Did Epic become a serious competitor to Apogee? Or did you consider them a major competitor?
SM: Honestly, not really. I was really impressed with their pinball game -- Epic Pinball -- and that actually spurred us to do our own pinball game, which we released as Balls of Steel.
Did you pay attention to Jill of the Jungle or Jazz Jackrabbit, or other Epic titles?
SM: No, not really.
Were you dismissive of them because you thought, "Hey, we've got our own games"? Or did you just not care?
SM: I was impressed by what they were doing, but it wasn't like there wasn't enough money to go around. We were doing well, I'm sure they were doing pretty well, and really, it's only with Gears of War that I see Epic now as a major force in the game development side. They were a major force on the engine licensing side for a long time, but finally, Gears of War is the first "complete package" game that they've released in my opinion.
Was there any company you worried about competing with, other than Epic, in the early '90s?
SM: Honestly, no. It was really just us, Epic, and id Software at the time. We all got our start around the same time period, kinda followed in each other's footsteps, and really, it was just us three.
So your relationship with id and Epic stayed pretty friendly because it wasn't a cutthroat business -- there was enough business to go around for everybody to stay afloat.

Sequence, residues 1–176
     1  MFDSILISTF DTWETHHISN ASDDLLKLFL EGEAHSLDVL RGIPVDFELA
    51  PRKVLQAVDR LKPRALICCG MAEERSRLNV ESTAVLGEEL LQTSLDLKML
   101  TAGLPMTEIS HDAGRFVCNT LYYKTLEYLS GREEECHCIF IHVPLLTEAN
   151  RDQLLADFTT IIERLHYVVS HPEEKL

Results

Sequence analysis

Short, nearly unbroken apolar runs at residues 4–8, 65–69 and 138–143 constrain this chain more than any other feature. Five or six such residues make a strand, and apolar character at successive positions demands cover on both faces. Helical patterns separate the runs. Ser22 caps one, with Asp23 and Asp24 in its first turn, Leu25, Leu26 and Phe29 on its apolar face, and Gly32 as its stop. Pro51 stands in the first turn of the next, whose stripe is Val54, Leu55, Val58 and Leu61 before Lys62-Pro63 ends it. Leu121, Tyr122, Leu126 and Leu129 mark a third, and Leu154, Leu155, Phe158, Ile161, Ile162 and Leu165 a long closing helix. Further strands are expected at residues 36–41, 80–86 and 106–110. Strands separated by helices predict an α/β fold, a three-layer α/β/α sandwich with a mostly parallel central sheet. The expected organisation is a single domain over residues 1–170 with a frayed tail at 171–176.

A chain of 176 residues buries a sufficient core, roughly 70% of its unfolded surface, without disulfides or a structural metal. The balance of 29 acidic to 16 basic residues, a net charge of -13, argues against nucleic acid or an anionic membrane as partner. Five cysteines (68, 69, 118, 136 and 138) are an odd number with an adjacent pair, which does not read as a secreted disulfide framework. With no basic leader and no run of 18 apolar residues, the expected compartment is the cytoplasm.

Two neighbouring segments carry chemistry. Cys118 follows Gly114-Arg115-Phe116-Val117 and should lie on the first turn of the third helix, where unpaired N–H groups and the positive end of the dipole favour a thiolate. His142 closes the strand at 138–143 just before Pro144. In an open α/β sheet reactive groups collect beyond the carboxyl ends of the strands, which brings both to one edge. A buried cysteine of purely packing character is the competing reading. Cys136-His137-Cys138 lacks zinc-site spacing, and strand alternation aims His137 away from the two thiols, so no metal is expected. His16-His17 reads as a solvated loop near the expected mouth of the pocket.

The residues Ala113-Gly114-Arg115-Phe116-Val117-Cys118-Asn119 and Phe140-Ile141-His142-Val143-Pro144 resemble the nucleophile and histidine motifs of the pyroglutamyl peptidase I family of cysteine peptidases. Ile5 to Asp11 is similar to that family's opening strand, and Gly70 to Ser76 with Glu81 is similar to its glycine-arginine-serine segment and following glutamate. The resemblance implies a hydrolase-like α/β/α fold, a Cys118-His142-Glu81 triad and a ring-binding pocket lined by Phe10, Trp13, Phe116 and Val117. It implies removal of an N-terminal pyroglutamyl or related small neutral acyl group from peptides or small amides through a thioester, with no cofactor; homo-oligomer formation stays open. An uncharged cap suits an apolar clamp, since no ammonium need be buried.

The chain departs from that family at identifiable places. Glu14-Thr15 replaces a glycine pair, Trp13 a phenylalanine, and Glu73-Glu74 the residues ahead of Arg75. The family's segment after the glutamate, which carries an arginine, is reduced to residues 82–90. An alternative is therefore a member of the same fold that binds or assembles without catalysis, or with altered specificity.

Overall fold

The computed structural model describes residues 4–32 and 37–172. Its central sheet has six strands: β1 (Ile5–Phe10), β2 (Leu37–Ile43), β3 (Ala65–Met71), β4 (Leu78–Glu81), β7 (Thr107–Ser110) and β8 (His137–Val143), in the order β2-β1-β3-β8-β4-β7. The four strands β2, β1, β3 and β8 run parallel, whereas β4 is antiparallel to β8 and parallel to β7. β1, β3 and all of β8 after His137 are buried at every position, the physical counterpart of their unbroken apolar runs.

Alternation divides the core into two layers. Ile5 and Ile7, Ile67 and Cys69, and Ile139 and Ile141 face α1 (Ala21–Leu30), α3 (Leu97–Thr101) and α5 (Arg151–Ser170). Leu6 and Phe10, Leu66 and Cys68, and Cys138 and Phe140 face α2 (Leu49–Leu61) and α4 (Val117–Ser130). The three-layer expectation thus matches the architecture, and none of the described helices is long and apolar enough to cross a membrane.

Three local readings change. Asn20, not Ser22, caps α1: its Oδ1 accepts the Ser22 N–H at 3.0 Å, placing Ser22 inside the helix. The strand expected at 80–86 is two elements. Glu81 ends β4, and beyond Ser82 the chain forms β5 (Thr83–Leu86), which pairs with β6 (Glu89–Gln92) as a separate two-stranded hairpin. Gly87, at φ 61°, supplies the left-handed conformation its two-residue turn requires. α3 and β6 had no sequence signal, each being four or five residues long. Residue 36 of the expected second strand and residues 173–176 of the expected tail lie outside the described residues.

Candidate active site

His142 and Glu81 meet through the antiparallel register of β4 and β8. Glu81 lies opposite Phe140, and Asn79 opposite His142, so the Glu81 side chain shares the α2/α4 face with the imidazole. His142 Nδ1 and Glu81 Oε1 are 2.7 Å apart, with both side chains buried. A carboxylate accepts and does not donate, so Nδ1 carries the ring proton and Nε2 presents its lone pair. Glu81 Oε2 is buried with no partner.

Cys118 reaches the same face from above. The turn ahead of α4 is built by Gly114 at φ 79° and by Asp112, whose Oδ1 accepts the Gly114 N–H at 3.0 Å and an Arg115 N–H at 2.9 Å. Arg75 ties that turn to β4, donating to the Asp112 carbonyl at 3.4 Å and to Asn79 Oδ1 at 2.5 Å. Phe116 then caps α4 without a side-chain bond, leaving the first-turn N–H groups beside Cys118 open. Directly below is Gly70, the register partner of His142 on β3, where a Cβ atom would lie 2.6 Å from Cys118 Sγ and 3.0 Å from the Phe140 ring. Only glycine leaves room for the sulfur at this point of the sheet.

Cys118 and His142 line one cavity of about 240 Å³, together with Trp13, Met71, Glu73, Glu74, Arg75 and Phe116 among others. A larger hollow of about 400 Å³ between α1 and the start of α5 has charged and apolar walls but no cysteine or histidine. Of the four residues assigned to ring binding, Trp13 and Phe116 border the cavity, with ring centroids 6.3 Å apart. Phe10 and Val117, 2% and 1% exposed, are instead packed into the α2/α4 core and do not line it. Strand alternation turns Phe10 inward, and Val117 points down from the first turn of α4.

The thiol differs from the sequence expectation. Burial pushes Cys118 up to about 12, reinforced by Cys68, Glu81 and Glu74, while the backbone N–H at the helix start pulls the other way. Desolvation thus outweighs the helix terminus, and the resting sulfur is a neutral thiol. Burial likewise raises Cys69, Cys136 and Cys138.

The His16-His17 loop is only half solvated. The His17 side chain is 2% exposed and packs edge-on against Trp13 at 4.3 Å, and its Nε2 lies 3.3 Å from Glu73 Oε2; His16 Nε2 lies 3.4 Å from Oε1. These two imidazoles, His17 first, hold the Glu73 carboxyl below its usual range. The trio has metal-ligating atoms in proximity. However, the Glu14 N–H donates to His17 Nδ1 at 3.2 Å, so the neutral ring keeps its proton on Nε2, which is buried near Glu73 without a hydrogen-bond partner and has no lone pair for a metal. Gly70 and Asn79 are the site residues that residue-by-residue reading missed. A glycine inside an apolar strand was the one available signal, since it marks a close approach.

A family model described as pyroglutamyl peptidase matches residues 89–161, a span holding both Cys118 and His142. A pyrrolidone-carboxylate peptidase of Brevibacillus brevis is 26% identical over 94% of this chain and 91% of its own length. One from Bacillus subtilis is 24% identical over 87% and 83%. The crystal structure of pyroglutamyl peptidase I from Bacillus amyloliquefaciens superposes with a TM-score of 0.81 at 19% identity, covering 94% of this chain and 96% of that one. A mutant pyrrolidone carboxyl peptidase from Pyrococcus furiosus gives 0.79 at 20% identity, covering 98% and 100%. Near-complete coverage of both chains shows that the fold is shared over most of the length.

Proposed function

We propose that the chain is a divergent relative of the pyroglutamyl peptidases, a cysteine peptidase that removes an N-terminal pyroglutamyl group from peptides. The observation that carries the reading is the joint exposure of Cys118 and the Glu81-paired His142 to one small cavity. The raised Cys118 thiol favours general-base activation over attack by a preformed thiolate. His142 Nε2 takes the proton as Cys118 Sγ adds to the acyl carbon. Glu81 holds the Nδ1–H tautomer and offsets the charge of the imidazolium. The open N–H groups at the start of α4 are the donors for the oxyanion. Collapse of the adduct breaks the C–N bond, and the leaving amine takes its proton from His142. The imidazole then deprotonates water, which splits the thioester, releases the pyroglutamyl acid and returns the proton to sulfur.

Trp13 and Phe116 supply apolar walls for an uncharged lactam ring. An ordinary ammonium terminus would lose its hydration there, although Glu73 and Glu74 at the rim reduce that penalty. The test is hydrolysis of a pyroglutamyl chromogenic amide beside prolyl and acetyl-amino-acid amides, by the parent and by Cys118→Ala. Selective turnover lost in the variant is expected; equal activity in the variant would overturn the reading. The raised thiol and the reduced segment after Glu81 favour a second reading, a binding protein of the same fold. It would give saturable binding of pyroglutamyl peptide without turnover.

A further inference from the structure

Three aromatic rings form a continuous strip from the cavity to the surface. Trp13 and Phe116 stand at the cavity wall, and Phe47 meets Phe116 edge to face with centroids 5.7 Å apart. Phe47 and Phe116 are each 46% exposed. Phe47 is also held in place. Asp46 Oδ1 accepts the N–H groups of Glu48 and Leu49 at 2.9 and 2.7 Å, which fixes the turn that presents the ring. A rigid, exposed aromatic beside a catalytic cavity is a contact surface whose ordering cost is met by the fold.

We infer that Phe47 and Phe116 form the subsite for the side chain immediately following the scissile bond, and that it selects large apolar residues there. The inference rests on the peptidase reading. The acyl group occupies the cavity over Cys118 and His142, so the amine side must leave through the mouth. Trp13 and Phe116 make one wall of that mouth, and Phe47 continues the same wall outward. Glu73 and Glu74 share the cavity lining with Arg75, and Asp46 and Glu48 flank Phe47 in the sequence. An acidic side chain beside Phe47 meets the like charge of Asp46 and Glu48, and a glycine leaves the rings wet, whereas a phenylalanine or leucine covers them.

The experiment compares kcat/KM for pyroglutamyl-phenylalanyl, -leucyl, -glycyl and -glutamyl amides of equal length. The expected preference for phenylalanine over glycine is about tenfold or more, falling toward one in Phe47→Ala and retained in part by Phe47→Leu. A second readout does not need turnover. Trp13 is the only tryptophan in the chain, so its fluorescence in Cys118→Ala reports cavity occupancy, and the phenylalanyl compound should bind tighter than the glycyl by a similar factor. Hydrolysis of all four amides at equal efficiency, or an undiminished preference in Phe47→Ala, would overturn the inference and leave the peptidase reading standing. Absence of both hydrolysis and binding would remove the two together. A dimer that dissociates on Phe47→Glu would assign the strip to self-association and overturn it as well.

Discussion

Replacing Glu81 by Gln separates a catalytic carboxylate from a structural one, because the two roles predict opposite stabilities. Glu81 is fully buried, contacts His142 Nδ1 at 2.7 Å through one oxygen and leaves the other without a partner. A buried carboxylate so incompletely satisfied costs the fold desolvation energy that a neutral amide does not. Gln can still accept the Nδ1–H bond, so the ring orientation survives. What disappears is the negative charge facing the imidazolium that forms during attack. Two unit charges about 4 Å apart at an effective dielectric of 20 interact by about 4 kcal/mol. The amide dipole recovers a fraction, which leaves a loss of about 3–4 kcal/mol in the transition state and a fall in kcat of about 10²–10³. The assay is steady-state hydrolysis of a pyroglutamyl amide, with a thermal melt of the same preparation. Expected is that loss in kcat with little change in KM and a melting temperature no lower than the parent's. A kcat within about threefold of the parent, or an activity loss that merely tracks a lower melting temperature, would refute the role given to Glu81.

SM: That's really it. I don't think that any of the games that any company released hurt the other company's games. We all made plenty of money, and there's no animosity between any of us, I don't think. Certainly not from 3D Realms' perspective. You might be surprised at just how friendly and sharing we are with each other.
Many Apogee games in the early 1990s seemed to stick to 16-color EGA graphics a lot longer than some of your competitors. Was there any reason for that?
SM: In hindsight, I know we stuck with EGA for at least a year or two too long. But the idea was to try and be compatible with more computers that were out there. But like I said, in hindsight, that probably wasn't necessary because when we released Wolfenstein 3-D, that was VGA only. It was actually designed as EGA, but we decided to go with VGA about four months before the game was released, and that sold extremely well.